ATTENTION, READERS in the 28 EUROPEAN VAT COUNTRIES: Because of the new VAT law, you probably can't order books direct from my site now. But that's okay -- just go to my Smashwords author page.
You can order PDFs (as well as all the other ebook formats) from there.

Friday, January 20, 2017

Butch Harmon on Sculled Chips

Maybe you're not having trouble with this, but I bet a lot of you are. So I'm directing you to this Golf Digest article where Butch Harmon tells you why you scull your chips.

Butch Harmon chipping from the rough

We talk about how tough golf is, but many problems have very simple explanations. Butch says if you're sculling your chips, then you're hitting up on the ball. (I suppose some of you might be topping the ball instead. But if you are, I bet you know it.)

Solution? Lean onto your lead foot (Butch says 75% of your weight, but I can't tell percentages that close), move the ball back to the middle of your stance, cock your wrists up and pull through with your lead hand. And keep your weight on your lead foot the whole time while you make the swing.

The caption under the photo above (with the article) says you should use your sand wedge for the shot in the photo, so the heavy sole can help you get the ball up. But Butch doesn't say whether he recommends the sand wedge all the time if you scull your chips or just from the rough. You can try it on the range and see which works for you.

But the reason I focused on this today is that simple explanation: In all likelihood, a sculled chip means you're hitting up on the ball, not down on it. Knowledge is power, especially when it's very simple knowledge that requires no special talent to use. And knowing that might help you get out of a difficult position on the course with another club, even if you aren't playing a chip.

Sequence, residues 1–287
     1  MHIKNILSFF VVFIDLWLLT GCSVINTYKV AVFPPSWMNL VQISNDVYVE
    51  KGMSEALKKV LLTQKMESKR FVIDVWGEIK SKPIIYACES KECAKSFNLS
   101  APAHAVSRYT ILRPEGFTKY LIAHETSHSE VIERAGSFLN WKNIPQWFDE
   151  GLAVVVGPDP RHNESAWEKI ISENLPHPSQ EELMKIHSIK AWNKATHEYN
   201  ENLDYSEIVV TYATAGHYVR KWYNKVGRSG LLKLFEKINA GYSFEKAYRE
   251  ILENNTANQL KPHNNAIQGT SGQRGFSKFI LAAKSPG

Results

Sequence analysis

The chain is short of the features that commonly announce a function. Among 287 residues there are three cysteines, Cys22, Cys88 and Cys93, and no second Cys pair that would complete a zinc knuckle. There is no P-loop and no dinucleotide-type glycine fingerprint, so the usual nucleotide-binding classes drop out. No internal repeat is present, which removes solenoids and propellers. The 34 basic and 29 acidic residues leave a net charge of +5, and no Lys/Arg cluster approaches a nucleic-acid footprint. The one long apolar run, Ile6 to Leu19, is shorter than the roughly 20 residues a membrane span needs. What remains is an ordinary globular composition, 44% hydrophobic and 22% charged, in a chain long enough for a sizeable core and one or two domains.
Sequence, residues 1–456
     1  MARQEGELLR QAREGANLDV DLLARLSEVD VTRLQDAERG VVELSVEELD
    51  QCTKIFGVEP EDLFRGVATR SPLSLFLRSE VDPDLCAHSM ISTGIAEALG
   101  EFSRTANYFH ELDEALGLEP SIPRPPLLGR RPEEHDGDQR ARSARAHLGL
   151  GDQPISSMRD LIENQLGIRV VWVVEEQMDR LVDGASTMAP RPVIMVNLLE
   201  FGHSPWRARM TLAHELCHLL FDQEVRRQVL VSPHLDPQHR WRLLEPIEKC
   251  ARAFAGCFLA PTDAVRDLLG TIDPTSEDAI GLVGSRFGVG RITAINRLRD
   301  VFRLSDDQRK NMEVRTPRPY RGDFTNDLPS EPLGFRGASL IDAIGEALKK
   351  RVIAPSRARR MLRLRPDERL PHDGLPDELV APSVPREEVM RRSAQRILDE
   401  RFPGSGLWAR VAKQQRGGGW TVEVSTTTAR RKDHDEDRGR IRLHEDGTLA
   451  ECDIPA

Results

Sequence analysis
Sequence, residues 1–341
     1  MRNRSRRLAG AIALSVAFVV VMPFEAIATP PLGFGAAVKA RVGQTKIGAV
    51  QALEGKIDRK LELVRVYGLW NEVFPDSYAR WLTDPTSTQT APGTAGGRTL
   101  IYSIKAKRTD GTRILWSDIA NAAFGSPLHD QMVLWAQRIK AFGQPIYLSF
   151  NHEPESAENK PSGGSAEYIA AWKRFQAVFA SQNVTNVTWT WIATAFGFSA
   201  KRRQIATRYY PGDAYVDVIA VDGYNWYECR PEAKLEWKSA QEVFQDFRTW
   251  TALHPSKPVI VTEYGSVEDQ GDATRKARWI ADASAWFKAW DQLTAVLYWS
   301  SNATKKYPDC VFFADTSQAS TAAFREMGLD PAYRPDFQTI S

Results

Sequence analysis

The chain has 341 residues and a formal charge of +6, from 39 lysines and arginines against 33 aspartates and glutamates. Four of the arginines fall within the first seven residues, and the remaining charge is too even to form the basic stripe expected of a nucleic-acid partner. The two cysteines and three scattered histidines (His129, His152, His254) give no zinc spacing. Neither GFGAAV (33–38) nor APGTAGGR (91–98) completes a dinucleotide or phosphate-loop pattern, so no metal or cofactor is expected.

1. Hey, Mike. What is your thinking on Harmon's advice versus your preference for using a mini-swing on short shots?

    1. Dana, there are many ways to get results in a golf swing -- that's why we have so many different swing methods! And of course, your natural tendencies and the situation you find yourself in can have a lot to do with which method you choose.

      So be sure you notice that Butch is giving this advice to players who are sculling their chips. That means Butch is exaggerating the motions here. For example, I know for a fact he usually doesn't recommend putting 75% of your weight on your lead foot under normal conditions.

      If a player is having problems sculling their chips, I'd advise them to give Butch's advice in this article a try. But if they aren't -- if they just want to try some different methods -- this particular bit of advice is probably overkill.